How Does a Moratorium on Charter Schools Help Close the Achievement Gap?

Would a moratorium on charter schools help close the achievement gap?

It’s a simple question. Yet, tellingly, Connecticut Federation of Teachers (AFT-CT) President Melodie Peters met this question with silence when it was posed to her at a public hearing last month.

No doubt she was left stumped for several seconds because the truth isn’t convenient for those want to “put the brakes” on charters – and yes this is still a possibility.

Certain state legislators have hinted that they would like to impose a de facto moratorium by cutting the state’s funding to charter schools. 

If these legislators succeed, more than 2,000 children would lose their chance at a seat in a public charter school, according to the Hartford Courant. Included in that number are nearly 300 additional spots in Bridgeport.

To what end? While Connecticut still has one of the largest achievement gaps in the country, over the past ten years charter schools have defied the odds.

According to the State Department of Education, 86 percent of charter schools students outperform their district counterparts. In fact, students from traditionally under-performing groups – such as minority and low-income students – also outperform their traditional public school peers.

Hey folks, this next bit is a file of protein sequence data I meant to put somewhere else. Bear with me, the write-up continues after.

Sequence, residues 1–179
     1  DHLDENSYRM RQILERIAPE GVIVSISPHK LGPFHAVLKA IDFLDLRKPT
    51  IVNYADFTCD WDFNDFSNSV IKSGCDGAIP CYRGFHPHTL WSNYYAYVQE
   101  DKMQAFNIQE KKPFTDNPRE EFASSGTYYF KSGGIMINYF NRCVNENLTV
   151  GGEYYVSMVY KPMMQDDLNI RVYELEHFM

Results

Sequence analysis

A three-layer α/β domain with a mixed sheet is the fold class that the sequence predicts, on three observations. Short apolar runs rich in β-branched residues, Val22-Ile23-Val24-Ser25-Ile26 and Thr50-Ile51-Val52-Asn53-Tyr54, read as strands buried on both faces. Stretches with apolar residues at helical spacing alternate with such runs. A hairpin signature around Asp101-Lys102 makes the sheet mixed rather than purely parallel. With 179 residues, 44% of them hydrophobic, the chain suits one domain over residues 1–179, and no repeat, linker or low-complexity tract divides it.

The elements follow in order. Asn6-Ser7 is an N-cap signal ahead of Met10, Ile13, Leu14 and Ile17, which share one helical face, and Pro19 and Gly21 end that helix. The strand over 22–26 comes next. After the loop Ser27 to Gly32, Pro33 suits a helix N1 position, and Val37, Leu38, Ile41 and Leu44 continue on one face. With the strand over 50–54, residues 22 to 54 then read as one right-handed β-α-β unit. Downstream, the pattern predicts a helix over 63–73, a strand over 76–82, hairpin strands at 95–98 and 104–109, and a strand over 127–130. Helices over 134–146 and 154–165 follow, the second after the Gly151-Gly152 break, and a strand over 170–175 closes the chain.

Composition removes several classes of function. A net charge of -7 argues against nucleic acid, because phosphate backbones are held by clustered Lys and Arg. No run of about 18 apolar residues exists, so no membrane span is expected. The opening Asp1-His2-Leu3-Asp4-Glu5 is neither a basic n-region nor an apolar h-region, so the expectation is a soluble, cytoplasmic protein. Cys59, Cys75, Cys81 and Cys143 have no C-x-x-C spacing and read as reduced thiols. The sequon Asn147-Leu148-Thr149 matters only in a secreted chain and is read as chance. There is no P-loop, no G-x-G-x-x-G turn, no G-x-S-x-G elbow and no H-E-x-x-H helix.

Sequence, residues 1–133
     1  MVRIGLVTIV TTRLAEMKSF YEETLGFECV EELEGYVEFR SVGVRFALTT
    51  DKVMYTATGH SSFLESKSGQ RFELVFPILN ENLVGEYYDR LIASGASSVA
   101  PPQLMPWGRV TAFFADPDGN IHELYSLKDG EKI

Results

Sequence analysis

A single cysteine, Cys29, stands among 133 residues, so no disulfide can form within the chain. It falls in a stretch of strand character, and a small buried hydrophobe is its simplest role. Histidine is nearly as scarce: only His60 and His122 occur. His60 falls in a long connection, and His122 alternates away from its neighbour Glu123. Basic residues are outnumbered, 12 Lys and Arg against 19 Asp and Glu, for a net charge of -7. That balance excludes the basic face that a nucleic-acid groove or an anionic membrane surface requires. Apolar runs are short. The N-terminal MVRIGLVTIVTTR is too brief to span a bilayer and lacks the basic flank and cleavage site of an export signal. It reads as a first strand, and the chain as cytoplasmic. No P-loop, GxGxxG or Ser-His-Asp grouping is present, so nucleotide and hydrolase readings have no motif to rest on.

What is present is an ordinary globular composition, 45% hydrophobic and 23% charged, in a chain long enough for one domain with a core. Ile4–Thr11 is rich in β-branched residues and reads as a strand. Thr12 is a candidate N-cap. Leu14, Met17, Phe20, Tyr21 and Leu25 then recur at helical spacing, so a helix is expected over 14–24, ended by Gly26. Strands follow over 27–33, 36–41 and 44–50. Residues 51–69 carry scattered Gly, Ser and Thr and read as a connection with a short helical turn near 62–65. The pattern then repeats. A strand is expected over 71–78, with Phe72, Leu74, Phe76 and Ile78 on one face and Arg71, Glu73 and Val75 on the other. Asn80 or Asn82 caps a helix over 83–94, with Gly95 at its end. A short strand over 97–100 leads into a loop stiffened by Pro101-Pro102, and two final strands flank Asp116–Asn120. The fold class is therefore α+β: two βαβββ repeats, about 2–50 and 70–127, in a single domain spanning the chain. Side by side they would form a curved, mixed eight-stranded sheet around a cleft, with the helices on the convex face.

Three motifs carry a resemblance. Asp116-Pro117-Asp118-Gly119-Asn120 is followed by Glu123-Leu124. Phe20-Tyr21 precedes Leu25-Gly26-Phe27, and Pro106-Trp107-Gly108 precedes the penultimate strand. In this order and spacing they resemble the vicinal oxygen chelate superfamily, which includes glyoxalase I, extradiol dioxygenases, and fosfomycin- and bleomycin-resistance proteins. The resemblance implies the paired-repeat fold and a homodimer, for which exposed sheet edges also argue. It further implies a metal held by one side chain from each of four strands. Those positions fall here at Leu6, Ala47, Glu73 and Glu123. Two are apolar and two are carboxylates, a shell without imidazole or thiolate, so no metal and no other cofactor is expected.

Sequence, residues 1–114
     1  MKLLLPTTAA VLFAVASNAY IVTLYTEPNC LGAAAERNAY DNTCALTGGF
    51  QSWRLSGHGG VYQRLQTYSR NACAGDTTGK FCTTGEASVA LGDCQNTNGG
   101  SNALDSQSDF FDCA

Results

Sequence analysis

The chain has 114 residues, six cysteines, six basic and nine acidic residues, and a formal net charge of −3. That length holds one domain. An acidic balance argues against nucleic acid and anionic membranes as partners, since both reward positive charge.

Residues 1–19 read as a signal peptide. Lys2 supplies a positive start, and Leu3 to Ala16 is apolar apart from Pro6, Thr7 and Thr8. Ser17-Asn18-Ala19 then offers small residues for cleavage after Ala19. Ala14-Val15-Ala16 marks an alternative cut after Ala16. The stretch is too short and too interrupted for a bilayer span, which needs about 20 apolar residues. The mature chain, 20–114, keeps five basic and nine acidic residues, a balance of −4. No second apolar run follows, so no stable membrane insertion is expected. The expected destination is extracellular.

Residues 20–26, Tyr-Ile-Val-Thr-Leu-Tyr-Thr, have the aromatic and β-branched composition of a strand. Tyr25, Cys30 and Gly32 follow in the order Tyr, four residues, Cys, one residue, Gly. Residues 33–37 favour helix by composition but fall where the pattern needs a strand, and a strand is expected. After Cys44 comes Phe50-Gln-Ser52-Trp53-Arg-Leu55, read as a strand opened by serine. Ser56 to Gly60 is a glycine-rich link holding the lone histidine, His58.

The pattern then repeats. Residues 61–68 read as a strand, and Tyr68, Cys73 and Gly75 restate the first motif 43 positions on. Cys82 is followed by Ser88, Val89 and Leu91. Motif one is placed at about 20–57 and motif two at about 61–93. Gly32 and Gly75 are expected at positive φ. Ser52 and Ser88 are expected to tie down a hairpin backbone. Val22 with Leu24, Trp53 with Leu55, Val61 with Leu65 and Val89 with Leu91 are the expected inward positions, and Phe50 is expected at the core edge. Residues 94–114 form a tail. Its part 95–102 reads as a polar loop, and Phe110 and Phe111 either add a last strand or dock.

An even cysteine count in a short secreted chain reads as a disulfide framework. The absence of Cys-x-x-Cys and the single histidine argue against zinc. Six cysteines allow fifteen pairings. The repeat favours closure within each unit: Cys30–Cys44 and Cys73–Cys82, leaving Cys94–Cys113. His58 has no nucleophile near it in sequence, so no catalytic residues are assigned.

Take for example low-income students in Bridgeport. If you compare the most recent state performance data, looking specifically at students who receive free or reduced price lunch, only 33 percent of eighth graders going to traditional public schools met grade level goals on the math portion of the CMTs in 2013. At Bridgeport’s charter schools, 54 percent met grade level goal.

This isn’t isolated either.

Low-income students in Bridgeport’s charter schools did better than their district peers in almost every grade level, in both reading and math. The same is the case for African American and Hispanic students.

So, again, I have to ask: Would a moratorium – de facto or otherwise – help close the achievement gap? Or would it only serve to cut families off from opportunities for their children to receive the best education possible?

What do you think?

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